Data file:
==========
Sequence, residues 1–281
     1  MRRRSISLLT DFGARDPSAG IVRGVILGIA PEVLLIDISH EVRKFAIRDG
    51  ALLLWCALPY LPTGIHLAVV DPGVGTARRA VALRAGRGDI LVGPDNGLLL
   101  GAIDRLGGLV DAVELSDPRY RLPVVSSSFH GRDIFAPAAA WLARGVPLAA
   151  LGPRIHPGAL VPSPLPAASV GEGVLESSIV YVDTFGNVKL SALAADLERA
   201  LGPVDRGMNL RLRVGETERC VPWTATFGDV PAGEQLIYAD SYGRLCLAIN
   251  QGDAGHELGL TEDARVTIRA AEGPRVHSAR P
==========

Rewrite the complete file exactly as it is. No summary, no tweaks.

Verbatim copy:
Sequence, residues 1–281
     1  MRRRSISLLT DFGARDPSAG IVRGVILGIA PEVLLIDISH EVRKFAIRDG
    51  ALLLWCALPY LPTGIHLAVV DPGVGTARRA VALRAGRGDI LVGPDNGLLL
   101  GAIDRLGGLV DAVELSDPRY RLPVVSSSFH GRDIFAPAAA WLARGVPLAA
   151  LGPRIHPGAL VPSPLPAASV GEGVLESSIV YVDTFGNVKL SALAADLERA
   201  LGPVDRGMNL RLRVGETERC VPWTATFGDV PAGEQLIYAD SYGRLCLAIN
   251  QGDAGHELGL TEDARVTIRA AEGPRVHSAR P